There’s good news to share for those in the commercial construction trade: The year ahead is likely to usher in a new era in Subcontractor Default Insurance, or SDI.
For years, Zurich Insurance Ltd. had been the only insurer that offered SDI, in a line that it called Subguard. That slowly changed, however, as other insurance companies grew more comfortable with the idea of offering policies that cover defaults.
There are now a half-dozen carriers doing so, and more are expected to jump aboard.
Beyond Zurich, the bigger players that most recently entered the business include Berkshire Hathaway, Arch, Axa XL, Cove Programs Insurance Services and Hudson Insurance Group.
As in most things related to insurance, sifting through the carriers’ offerings, including understanding what’s covered and what’s excluded in subcontractor default insurance policies, can be tricky work.
Simply put, SDI reimburses the contractor for costs related to a default by either its subcontractor or supplier.
Typically, SDI claims stem from labor, work delay and quality issues, not financial-related defaults. That’s not surprising, given the labor shortage that has afflicted the construction business over the past few years.
SDI isn’t for everyone, and generally it’s a better fit for larger contractors with jobs that extend into multiple years.
Unlike a bond, SDI is not a guarantee of performance or payment. While a bond represents an agreement between the general contractor, subcontractor and surety, SDI is strictly a two-party agreement between the contractor and insurer.
In practical terms, that means the SDI insurer cannot deny coverage for a default by a subcontractor covered by the policy. GCs like it because it gives them greater control over the claims process. But an SDI policy comes with greater responsibility. Contractors, not the SDI insurer, have the burden of pre-qualifying subcontractors.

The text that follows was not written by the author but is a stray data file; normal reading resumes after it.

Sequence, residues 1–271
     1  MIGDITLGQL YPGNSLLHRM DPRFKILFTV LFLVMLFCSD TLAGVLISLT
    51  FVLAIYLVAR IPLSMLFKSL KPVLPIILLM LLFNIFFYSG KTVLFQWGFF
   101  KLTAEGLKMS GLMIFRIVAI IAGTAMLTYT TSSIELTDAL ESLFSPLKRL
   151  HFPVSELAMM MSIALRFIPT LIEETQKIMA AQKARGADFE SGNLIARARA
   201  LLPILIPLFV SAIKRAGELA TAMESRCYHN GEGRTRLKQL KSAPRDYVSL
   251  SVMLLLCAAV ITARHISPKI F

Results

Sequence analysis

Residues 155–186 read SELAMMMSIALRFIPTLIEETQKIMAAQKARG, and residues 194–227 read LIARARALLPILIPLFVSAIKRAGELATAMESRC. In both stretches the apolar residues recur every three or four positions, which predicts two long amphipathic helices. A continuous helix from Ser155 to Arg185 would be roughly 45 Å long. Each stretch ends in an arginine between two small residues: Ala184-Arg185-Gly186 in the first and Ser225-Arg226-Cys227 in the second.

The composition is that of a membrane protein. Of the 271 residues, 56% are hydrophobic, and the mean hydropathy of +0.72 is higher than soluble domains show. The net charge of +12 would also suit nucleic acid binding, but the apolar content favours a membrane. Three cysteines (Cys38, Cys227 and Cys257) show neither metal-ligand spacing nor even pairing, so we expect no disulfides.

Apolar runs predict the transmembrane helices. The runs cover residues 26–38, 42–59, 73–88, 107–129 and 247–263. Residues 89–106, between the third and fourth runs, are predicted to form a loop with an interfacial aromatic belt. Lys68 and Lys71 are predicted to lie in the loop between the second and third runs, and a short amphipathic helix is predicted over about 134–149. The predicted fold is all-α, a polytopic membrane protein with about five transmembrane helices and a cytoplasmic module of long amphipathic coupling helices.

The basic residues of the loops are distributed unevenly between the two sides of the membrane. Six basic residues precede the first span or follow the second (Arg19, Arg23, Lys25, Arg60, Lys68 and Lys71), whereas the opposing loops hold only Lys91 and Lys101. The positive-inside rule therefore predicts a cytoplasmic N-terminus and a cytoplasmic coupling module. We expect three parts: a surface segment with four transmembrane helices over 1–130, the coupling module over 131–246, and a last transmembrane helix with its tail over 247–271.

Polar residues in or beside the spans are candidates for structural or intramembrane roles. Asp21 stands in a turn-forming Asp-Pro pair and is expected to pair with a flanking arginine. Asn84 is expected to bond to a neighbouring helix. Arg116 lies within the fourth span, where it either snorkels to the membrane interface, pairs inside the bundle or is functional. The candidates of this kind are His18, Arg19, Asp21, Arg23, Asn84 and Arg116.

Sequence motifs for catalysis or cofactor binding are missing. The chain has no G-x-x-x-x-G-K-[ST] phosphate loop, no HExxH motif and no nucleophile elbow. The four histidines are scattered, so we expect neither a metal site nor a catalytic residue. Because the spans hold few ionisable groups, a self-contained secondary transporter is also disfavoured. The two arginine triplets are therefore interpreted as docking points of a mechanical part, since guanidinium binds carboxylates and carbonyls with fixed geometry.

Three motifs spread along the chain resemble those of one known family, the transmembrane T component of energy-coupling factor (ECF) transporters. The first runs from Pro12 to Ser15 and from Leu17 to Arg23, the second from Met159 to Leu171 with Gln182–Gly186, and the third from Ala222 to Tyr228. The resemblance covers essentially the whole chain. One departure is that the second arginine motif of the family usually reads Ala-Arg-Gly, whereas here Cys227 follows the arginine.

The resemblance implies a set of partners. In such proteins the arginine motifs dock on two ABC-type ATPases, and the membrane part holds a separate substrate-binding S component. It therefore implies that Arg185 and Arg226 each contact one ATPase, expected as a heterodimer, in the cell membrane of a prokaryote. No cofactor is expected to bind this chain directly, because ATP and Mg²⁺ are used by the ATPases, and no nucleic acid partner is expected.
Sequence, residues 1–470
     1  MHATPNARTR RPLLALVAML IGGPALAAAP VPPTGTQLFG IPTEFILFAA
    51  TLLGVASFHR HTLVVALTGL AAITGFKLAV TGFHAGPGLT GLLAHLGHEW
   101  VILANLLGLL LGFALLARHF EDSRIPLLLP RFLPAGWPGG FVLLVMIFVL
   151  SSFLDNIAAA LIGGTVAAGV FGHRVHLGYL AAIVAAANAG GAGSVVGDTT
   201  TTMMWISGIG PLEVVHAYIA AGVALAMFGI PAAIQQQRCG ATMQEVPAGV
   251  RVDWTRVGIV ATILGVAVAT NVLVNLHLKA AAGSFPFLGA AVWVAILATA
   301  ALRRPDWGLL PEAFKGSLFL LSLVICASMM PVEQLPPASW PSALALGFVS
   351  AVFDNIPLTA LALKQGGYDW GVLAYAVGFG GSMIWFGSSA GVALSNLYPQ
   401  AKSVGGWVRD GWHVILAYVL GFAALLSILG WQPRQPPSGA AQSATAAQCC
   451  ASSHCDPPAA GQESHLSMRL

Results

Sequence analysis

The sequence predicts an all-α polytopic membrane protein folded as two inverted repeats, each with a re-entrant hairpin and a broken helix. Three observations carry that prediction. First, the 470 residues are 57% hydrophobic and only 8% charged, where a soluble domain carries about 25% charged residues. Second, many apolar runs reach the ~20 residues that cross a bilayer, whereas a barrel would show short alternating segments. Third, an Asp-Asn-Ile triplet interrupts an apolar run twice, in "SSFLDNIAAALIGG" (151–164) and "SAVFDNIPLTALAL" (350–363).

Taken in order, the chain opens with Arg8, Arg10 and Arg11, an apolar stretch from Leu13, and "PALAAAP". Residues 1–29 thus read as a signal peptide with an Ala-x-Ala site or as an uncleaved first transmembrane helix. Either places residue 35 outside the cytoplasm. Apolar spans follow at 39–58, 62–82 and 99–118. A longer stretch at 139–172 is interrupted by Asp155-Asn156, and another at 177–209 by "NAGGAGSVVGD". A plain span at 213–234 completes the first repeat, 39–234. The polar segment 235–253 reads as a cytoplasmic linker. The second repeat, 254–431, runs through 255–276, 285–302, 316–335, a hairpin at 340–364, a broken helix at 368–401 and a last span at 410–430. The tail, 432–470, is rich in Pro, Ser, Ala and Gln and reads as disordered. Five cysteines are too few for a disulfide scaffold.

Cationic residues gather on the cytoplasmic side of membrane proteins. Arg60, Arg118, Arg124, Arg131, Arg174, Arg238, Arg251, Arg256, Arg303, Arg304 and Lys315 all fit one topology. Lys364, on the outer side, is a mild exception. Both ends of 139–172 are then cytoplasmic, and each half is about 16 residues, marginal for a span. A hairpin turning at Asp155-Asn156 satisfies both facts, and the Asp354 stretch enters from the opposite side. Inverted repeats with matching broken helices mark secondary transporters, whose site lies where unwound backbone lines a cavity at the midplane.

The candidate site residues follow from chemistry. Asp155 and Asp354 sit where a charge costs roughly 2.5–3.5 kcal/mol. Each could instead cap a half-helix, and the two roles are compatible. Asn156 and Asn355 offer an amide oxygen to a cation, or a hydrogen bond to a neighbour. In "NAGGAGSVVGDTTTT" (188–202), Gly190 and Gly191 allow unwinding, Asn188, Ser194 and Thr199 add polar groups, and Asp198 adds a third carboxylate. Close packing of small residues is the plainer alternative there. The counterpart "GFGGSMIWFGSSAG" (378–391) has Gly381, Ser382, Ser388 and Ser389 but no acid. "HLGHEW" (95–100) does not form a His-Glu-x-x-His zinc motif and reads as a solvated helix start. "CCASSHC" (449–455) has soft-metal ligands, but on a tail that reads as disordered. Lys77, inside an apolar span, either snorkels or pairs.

GCs also can save money with an SDI policy, although the deductibles with these policies can easily amount to tens of thousands of dollars; performance bonds, on the other hand, have no deductible.
An SDI policy also typically covers only a fraction of the value of all subcontracts, while bonds are issued in the same value as the subcontracts.
We’ve said this before, but it bears repeating: We don’t think the subcontractor default insurance market will ever replace traditional payment and performance bonds as a go-to option for most projects, but SDI is a good alternative to consider for large-scale construction projects.
And the fact that SDI coverage is about to become more broadly available is, without a doubt, welcome news.
Tom Patton is a Surety Advisor with CCIG. He also is on the board of directors of the Rocky Mountain Surety Association. Reach him at TomP@thinkccig.com or 720-330-7922.
CCIG is a Denver-area insurance and surety brokerage with the full-service capabilities of a national brokerage.